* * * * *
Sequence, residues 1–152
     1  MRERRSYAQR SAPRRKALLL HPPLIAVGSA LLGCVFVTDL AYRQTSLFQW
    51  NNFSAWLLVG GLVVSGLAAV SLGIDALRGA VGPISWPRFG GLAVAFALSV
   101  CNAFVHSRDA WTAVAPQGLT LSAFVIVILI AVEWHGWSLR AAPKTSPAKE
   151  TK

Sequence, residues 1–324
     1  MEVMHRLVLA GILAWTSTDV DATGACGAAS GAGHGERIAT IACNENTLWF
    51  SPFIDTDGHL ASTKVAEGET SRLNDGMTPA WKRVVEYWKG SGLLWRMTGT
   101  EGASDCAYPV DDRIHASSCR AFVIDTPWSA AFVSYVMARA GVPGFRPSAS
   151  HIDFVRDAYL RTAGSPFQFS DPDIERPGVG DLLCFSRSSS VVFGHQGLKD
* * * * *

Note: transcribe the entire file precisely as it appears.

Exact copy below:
Sequence, residues 1–152
     1  MRERRSYAQR SAPRRKALLL HPPLIAVGSA LLGCVFVTDL AYRQTSLFQW
    51  NNFSAWLLVG GLVVSGLAAV SLGIDALRGA VGPISWPRFG GLAVAFALSV
   101  CNAFVHSRDA WTAVAPQGLT LSAFVIVILI AVEWHGWSLR AAPKTSPAKE
   151  TK

Sequence, residues 1–324
     1  MEVMHRLVLA GILAWTSTDV DATGACGAAS GAGHGERIAT IACNENTLWF
    51  SPFIDTDGHL ASTKVAEGET SRLNDGMTPA WKRVVEYWKG SGLLWRMTGT
   101  EGASDCAYPV DDRIHASSCR AFVIDTPWSA AFVSYVMARA GVPGFRPSAS
   151  HIDFVRDAYL RTAGSPFQFS DPDIERPGVG DLLCFSRSSS VVFGHQGLKD